ASAM Spearheads New Primary Care Addiction Programs

Related Sessions Presented Saturday

Two related sessions about integrating addiction medicine into a primary care practice will be presented Saturday.

10 a.m. to Noon: Workshop C: How to Establish and Integrate Addiction Medicine into an Existing or New Family Care, Internal Medicine Practice, in the Georgetown East Room on the Concourse Level
2 to 4 p.m.: Symposium #10: Addressing Substance Use Disorders in Primary Care and the Patient Centered Medical Home, in the Jefferson Room on the Concourse Level. Among the speakers will be Edwina Rogers, executive director of the Patient Centered Primary Care Collaborative (PCPCC), a group of 700 medical groups, including ASAM, as well as insurance companies and major businesses that are supporting the patient-centered medical home concept.

Health care reform is driving many changes in medical practice, with primary care physicians being a focal point in the development of the patient-centered medical home. The role of addiction medicine in these changes was discussed in a Component Session Thursday night.

Among the topics addressed in “Addiction Medicine and Primary Care: Recent Positive Developments” were the training of primary care physicians in addiction counseling, a training program to screen for substance abuse, and the role of a private group in moving addiction medicine into primary care.

“Those are exciting things ASAM is involved with to get patient-centered medical homes and primary care physicians to address substance use disorders and provide help in education,” said Norman Wetterau, M.D., FAAFP, FASAM, who led the discussion. Dr. Wetterau is also the ASAM liaison to the Physician Clinical Support System for Primary Care (PCCS-P).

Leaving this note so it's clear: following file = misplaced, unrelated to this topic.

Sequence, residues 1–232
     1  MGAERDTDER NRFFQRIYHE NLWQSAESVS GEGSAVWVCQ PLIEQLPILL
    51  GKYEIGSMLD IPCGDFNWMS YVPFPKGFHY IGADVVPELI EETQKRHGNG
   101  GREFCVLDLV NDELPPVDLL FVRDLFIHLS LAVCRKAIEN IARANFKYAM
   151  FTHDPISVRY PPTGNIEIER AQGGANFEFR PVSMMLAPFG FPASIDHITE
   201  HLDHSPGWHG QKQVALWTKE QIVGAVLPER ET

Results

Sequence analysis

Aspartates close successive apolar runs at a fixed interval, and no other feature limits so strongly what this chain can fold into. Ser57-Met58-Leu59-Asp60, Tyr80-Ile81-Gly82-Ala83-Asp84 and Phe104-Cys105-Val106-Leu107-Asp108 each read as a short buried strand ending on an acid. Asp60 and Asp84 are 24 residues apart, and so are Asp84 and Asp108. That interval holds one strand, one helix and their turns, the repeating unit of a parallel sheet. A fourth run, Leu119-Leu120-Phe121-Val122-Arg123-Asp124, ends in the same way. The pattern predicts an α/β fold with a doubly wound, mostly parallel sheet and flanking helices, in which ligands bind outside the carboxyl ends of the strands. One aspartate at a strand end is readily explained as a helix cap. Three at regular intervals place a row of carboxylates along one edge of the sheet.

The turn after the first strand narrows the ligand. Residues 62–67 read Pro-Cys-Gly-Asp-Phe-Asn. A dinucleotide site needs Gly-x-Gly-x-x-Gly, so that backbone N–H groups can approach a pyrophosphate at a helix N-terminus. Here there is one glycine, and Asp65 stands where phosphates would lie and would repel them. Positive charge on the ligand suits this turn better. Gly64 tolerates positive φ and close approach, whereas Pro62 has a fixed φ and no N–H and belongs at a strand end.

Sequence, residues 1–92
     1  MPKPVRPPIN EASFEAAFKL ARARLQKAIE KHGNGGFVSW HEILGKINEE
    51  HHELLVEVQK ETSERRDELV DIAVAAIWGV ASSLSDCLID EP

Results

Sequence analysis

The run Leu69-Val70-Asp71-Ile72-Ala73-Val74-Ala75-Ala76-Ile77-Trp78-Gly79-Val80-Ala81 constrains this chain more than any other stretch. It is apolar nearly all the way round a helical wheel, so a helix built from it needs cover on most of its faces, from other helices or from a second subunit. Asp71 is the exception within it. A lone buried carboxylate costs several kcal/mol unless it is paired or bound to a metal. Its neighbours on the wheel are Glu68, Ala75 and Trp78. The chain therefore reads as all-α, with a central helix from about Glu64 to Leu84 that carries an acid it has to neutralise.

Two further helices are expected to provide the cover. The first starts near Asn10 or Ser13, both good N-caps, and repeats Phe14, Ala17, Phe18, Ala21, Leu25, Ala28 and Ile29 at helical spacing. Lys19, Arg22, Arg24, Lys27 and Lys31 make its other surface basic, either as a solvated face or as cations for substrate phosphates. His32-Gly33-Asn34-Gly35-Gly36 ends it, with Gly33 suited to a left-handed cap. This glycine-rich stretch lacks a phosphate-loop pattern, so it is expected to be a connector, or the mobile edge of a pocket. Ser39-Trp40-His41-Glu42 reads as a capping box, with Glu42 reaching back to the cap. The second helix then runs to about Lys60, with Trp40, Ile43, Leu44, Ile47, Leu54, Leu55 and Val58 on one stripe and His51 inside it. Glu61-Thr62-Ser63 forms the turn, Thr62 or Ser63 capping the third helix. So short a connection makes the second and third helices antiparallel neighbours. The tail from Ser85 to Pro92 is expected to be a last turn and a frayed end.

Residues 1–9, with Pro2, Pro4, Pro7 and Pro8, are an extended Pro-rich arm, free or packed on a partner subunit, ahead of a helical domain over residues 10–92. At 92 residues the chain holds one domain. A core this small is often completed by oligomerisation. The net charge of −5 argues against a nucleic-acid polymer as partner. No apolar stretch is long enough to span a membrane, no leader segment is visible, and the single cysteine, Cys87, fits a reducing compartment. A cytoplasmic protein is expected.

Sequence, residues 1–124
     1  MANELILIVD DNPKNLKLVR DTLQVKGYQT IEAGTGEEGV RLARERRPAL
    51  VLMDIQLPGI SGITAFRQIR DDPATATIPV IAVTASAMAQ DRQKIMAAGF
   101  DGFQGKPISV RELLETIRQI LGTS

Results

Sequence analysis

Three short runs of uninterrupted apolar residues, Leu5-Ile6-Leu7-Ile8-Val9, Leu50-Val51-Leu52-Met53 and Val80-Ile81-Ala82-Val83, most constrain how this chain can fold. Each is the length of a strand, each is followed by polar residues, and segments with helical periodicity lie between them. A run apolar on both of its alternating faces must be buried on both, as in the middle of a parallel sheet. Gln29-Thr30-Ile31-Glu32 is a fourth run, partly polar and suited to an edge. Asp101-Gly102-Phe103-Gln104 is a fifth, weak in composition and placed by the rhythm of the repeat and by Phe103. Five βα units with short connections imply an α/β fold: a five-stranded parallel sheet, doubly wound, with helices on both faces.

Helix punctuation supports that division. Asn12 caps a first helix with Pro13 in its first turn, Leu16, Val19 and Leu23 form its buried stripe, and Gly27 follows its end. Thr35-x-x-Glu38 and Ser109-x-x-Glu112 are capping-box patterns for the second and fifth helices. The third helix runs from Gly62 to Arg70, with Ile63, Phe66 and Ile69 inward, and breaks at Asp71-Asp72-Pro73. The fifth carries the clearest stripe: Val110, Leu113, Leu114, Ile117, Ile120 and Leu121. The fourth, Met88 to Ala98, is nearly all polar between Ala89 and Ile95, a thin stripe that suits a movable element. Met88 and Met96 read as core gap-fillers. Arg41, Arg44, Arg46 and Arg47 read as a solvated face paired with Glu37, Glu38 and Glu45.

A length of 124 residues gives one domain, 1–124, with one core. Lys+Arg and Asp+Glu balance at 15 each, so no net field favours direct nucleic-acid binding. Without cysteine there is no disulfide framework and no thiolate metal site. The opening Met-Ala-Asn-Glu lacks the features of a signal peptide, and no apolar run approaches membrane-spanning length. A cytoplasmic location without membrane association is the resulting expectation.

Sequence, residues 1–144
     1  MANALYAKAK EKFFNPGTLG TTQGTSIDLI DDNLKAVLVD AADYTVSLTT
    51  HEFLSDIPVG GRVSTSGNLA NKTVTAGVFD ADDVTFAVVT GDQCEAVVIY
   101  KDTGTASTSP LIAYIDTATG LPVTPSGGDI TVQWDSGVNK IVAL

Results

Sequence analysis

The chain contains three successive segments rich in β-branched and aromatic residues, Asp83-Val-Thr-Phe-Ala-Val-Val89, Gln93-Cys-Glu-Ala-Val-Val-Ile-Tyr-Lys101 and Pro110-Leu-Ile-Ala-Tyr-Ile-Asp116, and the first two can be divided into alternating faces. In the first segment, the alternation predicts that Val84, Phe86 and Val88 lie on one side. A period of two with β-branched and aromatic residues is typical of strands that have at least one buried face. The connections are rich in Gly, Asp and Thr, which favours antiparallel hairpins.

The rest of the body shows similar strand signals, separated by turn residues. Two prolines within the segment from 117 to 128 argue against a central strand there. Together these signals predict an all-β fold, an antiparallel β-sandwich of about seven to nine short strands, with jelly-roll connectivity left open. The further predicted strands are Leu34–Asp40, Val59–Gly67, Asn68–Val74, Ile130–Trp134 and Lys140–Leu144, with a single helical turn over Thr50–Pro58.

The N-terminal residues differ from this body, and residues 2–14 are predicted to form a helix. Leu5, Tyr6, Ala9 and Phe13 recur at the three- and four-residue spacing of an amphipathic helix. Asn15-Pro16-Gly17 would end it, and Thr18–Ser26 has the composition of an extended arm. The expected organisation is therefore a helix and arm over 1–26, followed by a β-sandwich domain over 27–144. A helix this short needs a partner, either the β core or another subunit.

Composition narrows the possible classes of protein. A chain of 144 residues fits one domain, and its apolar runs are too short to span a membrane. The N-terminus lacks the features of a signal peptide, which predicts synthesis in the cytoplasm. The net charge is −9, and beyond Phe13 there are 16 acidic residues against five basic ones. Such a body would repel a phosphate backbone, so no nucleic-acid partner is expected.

Many positive developments are happening in this area because of increased federal support, including grants for these primary care goals, he said. First among them is the PCSS-P, a mentoring program to provide support to primary care physicians (see related story on page 7).

PCSS-P is funded by a grant administered by ASAM and funded by the National Institutes of Health’s National Institute on Drug Abuse (NIDA). Under the program, primary care providers can gain access to clinical resources, information, and materials about managing substance abuse. Resources include addiction clinical experts serving as mentors and providing education about managing substance abuse via phone or email. These mentors can also assist primary care physicians in incorporating substance abuse screenings, brief interventions, and treatments into their practices.

ASAM has also just launched a new online skills training for primary care providers on Screening, Brief Intervention, and Referral to Treatment (SBIRT). is a NIDA-funded program that is being conducted in collaboration with one of ASAM’s leading institutional partners, Clinical Tools. The program offers training for primary care physicians to improve their skills for screening for substance abuse and work with substance abuse specialists.

SBIRT offers screening tools for tobacco, alcohol, and drug abuse; teaches implementation of brief interventions and other treatments; explains referral and follow-up processes; and offers case-based learning with patients.

Another facet of the cooperation with primary care is the development of COPE  — the Coalition on Physician Education in Substance Use Disorders — a not-for-profit group. It is dedicated to training physicians to prevent, identify, and provide specialty-appropriate interventions for patients who use tobacco or illicit drugs, or are involved in the unhealthy use of alcohol or non-medical use of prescription drugs.

Also discussed during the session was Society of Teachers of Family Medicine, which got its start during an ASAM conference two years ago. The group will have a conference in two weeks with a focus on helping family practice residency faculties teach addiction medicine training to trainees.